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Wednesday, October 20, 2021
WASHINGTON, Oct 18 2011 (IPS) - The year 2010 endured 950 natural disasters, 90 percent of which were weather-related and cost the global community well over 130 billion dollars.
From wildfires in Brazil to record rainfall in the United States to the severe drought and famine in the Horn of Africa, it has become clear to many that quick and radical decisions need to be made about the world’s future.
One of the biggest advocates of this position has been the Washington-based World Resources Institute (WRI) which, in partnership with the United Nations Development Programme (UNDP), U.N. Environment Programme (UNEP) and the World Bank released a report here Tuesday calling on decision makers to enact quick and efficient resolutions to multiple and chronic environmental crises.
Pulling input from 100 experts in 35 countries, “Decision Making in a Changing Climate”, or the 2010-2011 World Resources Report (WRR) presents case studies of creative, sustainable responses to climate change in the developing world.
It also maps the major problems facing decision makers, namely the unprecedented pace of global warming, rising sea levels and melting ice-caps; trade-offs between so-called “short-term” and “long-term” solutions; and the incredibly uneven distribution of access, wealth, skills and information across the world’s population, which forces the burden of climate change onto already oppressed, impoverished or marginalised populations.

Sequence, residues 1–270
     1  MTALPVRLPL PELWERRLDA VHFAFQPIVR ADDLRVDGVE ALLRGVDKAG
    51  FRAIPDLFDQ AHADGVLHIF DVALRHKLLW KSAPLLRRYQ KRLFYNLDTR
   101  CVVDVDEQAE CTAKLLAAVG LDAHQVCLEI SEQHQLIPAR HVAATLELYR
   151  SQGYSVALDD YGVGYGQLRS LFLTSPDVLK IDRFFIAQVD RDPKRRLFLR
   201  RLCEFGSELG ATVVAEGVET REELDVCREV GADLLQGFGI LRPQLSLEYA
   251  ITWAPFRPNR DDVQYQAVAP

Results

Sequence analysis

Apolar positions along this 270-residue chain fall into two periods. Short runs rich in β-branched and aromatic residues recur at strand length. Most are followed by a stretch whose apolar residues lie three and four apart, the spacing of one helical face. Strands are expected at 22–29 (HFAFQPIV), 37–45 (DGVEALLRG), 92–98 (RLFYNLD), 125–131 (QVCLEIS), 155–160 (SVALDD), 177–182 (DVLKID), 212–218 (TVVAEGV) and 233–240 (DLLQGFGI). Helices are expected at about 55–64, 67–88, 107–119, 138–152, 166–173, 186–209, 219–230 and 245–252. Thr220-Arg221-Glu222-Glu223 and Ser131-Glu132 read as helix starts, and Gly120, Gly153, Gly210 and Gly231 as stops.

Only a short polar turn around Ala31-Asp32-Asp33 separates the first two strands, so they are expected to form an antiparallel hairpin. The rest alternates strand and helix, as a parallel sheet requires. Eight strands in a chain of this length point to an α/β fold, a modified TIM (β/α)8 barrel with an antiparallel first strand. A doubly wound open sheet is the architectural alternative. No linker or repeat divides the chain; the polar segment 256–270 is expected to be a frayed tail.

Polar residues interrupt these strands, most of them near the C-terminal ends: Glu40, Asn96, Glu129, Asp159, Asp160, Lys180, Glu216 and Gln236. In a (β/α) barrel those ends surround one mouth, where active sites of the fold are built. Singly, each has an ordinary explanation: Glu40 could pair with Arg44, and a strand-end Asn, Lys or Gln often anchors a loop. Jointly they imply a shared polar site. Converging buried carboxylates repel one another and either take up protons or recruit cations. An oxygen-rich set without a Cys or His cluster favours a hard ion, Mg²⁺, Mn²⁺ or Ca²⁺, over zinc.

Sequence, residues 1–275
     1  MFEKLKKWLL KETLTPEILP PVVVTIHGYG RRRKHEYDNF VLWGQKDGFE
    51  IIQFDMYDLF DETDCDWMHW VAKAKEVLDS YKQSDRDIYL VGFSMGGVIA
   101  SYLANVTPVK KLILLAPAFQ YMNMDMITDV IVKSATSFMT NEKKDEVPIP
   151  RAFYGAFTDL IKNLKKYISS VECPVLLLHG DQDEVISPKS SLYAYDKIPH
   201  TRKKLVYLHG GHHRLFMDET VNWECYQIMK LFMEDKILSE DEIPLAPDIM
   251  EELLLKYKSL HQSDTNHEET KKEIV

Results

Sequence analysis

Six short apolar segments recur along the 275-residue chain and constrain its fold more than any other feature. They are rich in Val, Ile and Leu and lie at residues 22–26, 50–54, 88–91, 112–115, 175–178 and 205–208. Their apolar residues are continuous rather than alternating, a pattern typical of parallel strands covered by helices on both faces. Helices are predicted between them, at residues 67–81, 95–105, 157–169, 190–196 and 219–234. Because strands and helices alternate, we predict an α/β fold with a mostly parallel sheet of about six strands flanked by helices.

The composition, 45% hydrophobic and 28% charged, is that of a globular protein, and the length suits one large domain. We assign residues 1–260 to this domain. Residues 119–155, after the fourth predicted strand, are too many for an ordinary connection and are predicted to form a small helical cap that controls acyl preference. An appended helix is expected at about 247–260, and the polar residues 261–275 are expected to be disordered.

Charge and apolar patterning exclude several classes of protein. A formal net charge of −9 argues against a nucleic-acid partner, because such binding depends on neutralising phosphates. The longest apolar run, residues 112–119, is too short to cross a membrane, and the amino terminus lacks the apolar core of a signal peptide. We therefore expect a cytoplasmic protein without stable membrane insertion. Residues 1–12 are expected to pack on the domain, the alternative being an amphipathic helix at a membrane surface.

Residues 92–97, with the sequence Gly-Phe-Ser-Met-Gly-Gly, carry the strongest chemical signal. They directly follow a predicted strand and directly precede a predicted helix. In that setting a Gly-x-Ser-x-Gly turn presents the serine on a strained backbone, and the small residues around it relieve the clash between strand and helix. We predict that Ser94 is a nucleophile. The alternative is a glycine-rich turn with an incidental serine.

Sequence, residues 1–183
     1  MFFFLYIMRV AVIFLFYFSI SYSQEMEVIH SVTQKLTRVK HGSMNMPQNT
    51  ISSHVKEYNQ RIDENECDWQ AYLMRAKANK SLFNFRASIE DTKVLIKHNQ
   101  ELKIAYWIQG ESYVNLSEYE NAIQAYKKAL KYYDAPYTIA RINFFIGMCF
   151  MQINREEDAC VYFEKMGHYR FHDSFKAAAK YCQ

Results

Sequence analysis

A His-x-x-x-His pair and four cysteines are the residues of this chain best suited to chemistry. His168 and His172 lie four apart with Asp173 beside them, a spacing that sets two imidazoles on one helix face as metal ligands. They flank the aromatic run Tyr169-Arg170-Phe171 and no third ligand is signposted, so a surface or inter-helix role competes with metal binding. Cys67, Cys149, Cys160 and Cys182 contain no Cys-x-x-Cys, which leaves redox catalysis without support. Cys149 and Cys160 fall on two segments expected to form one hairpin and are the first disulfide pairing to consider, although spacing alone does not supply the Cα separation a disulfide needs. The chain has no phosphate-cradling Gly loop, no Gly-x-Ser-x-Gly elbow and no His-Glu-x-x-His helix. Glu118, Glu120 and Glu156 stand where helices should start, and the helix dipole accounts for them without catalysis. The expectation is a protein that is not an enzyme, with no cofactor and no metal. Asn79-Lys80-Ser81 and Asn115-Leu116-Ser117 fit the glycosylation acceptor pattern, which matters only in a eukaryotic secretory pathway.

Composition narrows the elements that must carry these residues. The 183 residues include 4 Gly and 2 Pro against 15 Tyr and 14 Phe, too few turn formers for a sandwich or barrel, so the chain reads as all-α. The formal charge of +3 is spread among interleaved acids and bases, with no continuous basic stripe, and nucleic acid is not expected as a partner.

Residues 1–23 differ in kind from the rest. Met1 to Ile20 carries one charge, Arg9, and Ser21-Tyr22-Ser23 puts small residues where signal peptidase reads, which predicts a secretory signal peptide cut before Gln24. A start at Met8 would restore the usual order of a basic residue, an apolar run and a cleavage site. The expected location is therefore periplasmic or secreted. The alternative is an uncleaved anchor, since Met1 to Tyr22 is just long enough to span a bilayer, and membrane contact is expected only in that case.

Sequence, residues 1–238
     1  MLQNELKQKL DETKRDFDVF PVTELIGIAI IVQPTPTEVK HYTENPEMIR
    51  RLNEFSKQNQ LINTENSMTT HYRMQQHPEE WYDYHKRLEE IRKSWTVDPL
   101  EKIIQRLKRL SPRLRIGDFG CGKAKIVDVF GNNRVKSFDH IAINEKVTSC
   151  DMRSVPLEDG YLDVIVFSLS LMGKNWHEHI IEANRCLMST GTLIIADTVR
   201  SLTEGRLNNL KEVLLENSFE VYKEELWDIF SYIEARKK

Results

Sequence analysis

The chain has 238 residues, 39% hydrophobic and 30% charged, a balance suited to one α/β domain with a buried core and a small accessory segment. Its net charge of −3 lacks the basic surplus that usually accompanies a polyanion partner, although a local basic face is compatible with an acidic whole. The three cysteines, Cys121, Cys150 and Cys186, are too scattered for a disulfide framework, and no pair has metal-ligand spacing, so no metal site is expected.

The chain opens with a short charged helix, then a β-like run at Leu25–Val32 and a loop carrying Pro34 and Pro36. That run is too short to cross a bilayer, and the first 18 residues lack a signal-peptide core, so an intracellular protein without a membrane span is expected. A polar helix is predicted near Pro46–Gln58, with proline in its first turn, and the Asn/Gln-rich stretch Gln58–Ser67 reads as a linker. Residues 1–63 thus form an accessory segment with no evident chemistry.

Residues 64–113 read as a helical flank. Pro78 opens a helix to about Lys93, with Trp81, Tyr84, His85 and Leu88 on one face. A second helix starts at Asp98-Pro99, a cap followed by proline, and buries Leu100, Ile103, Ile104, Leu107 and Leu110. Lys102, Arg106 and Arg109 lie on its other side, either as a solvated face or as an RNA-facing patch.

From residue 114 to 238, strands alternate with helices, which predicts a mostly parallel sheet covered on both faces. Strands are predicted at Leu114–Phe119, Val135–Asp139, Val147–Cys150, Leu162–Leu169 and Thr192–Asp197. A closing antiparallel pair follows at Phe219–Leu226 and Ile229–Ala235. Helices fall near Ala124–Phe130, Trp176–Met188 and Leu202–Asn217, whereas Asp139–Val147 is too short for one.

Kelly Levin, research director and lead author of the WRR, told IPS, “There are two reasons we believe this report is groundbreaking. Firstly, because the inclusive research approach ensures the quality of our recommendations. And secondly, we focus less on what needs to be done and instead detail how it can be done.”
An integrated, “ecological” approach
“Climate change is not solely an environmental issue,” Olav Kjorven, director of the Bureau for Development Policy at UNDP, told a media teleconference Tuesday.
“Governments must start now to incorporate climate risks into plans and policies across all sectors, including urban development, coastal planning, agriculture, water and forestry management, and electricity production,” he said.